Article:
HSBC to close bank accounts of Islamic aid charity after 'risk appetite' review

Ummah Welfare Trust, which operates in locations including Gaza, Iraq and Syria, has urged supporters to lobby the bank to reverse the decision

The bank HSBC has told an Islamic international aid charity that it will close eight of the charity’s bank accounts on the grounds that its activities fall outside the bank's "risk appetite".

Ummah Welfare Trust, which is registered with the Charity Commission as Amanat Charity Trust, describes its mission on its website as the alleviation of poverty "inspired by the Islamic teachings of empathy, generosity and selflessness". It has 110 projects operating in nearly 20 locations, including Gaza, Iraq and Syria.

The charity was sent a letter by HSBC. The letter, which the UWT has published on its website, says: "HSBC Bank has recently conducted a general review of its portfolio of customers and has concluded that provision of banking services to Ummah Welfare Trust now falls outside of our risk appetite."

The charity posted on its Twitter account: "This, in layperson’s terms, means that UWT is not profitable for HSBC anymore. This is hard to understand, because the charity pays the customary bank charges to HSBC like any other business."

It also said in a statement on its website: "This is very similar to what Barclays did to Ummah Welfare Trust during the previous Gaza war in 2008 when they served notice to close our accounts." Shaykh Muhammad Ahmad, a trustee of the charity, says this was "another test from Allah".

The charity has urged supporters to email or telephone the bank or tweet using the hashtag #LobbyHSBCforGaza to ask HSBC to reverse its decision – and has suggested they boycott the bank if it does not.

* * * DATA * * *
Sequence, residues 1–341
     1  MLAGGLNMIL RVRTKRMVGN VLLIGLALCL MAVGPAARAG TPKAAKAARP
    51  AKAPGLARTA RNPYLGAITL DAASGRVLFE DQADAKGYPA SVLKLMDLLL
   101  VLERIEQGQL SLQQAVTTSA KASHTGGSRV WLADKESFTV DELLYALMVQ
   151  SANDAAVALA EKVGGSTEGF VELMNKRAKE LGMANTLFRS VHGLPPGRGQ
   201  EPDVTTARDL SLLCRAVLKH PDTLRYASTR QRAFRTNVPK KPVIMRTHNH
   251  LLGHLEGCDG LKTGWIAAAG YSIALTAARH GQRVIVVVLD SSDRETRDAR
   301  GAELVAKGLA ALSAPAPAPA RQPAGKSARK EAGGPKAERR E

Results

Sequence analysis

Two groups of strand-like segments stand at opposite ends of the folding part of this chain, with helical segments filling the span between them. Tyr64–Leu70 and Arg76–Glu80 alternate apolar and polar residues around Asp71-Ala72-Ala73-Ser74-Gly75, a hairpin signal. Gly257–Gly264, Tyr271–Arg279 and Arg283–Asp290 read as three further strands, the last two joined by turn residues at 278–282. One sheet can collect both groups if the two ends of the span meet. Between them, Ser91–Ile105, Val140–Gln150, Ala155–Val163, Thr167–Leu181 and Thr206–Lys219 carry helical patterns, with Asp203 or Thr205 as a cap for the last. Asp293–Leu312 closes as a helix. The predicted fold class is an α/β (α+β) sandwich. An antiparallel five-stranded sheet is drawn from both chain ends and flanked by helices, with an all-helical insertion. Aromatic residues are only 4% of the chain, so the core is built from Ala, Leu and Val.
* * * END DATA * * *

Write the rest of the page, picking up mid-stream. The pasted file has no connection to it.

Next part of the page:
The charity said on its website that it will continue to provide support in Gaza using other bank accounts.

A spokesman for the bank said that he could not comment on individual customers, but said that such risk reviews were carried out regularly.

"When a bank talks about risk, there are a vast range of things that would be brought under consideration," he said. "I can categorically state that banking decisions are not made on the grounds of race or religion; that is immoral and illegal."

Earlier this month, the Charity Finance Group launched a survey of the sector’s view of the effect of banks "de-risking" through increased checks for money laundering and terrorist activity. A spokeswoman for the CFG said that the survey remains open and that results will be published later in the summer.

The news comes at a time when Muslim charities’ relationship with the commission is under scrutiny following accusations of bias.